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Clin Gastroenterol Hepatol. 2015 Apr;13(4):753-9.e1-2. doi: 10.1016/j.cgh.2014.07.060. Epub 2014 Aug 12.

Long-term use of antibiotics and proton pump inhibitors predict development of infections in patients with cirrhosis.

Author information

1
Medicine, Baylor University Medical Center, Dallas, Texas. Electronic address: Jacquelo@BaylorHealth.edu.
2
Medicine, University of Pennsylvania, Philadelphia, Pennsylvania.
3
Medicine, University of Toronto, Toronto, Ontario, Canada.
4
Medicine, Mayo Clinic School of Medicine, Rochester, Minnesota.
5
Medicine, University of California, San Diego, San Diego, California.
6
Medicine, University of Colorado, Denver, Colorado.
7
Medicine, University of Texas Health Science Center, Houston, Texas.
8
Medicine, Yale University School of Medicine, New Haven, Connecticut.
9
Medicine, Emory University, Atlanta, Georgia.
10
Medicine, Beth Israel Deaconess, Boston, Massachusetts.
11
Biostatistics, Virginia Commonwealth University and McGuire VA Medical Center, Richmond, Virginia.
12
Medicine, Virginia Commonwealth University and McGuire VA Medical Center, Richmond, Virginia.

Abstract

BACKGROUND & AIMS:

Bacterial infections, particularly repeated infections, are significant causes of morbidity and mortality among patients with cirrhosis. We investigated and characterized risk factors for repeat infections in these patients.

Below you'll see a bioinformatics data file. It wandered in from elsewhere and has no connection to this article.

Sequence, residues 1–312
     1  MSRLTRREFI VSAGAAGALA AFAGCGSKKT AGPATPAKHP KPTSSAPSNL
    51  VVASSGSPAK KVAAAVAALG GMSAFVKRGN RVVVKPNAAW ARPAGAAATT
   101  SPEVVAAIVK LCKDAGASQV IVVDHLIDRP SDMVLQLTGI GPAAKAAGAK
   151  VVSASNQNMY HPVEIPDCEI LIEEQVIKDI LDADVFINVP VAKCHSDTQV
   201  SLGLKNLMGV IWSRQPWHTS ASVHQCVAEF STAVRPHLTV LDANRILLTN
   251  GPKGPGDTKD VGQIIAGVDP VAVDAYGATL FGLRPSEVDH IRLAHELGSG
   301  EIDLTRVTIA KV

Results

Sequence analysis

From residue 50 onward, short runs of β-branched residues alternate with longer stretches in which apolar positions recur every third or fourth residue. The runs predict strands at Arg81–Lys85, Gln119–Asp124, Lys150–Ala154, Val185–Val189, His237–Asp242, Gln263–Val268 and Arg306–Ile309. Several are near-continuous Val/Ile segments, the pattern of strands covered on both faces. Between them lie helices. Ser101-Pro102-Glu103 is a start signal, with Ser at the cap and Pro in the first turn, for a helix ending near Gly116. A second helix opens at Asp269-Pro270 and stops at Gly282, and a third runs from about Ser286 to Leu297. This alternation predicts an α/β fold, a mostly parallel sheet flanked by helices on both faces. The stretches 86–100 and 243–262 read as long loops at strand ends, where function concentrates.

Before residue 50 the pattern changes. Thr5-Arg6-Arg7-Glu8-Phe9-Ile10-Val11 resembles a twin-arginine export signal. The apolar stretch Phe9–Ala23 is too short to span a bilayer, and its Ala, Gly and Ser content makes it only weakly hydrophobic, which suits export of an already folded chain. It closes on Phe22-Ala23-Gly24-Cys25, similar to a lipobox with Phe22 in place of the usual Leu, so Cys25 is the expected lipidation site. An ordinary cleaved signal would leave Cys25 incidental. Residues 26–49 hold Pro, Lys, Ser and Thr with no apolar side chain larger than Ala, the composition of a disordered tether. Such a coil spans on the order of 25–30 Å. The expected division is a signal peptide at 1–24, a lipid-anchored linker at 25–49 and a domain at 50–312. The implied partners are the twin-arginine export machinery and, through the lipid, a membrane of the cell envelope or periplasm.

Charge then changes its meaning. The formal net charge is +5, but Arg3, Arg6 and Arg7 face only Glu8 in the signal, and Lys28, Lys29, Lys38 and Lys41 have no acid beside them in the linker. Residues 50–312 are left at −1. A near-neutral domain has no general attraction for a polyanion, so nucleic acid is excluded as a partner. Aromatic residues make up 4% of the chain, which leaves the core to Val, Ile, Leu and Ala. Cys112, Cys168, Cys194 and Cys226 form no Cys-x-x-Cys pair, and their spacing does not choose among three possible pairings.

METHODS:

In a prospective study, we collected data from 188 patients hospitalized with cirrhosis and infections and enrolled in the North American Consortium for the Study of End-Stage Liver Disease (12 centers). Patients were followed up for 6 months after hospital discharge and data were analyzed on type of infections and factors associated with subsequent infections.

RESULTS:

Six months after hospital discharge, 14% of subjects had received liver transplants, 27% died, and 59% were alive without liver transplantation. After discharge, 45% had subsequent infections, but only 26% of the subsequent infections occurred at the same site. Compared with patients not re-infected, patients with repeat infections were older and a higher proportion used proton pump inhibitors (PPIs) (P = .006), rifaximin (P < .001), or prophylactic therapy for spontaneous bacterial peritonitis (SBP) (P < .001). Logistic regression showed that SBP prophylaxis (odds ratio [OR], 3.44; 95% confidence interval [CI], 1.56-7.63), PPI use (OR, 2.94; 95% CI, 1.39-6.20), SBP at hospital admission (OR, 0.37; 95% CI, 0.15-0.91), and age (OR, 1.06; 95% CI, 1.02-1.11) were independent predictors of subsequent infections.

CONCLUSIONS:

Patients hospitalized with cirrhosis and infections are at high risk for subsequent infections, mostly at different sites, within 6 months of index infection resolution. Those at highest risk include previously infected older patients receiving PPIs and/or SBP prophylaxis, although these associations do not prove that these factors cause the infections. New strategies are needed to prevent infections in patients with cirrhosis.

KEYWORDS:

Antibiotic; Complication; Decompensation; NACSELD

PMID:
25130937
PMCID:
PMC4326601
DOI:
10.1016/j.cgh.2014.07.060
[Indexed for MEDLINE]
Free PMC Article

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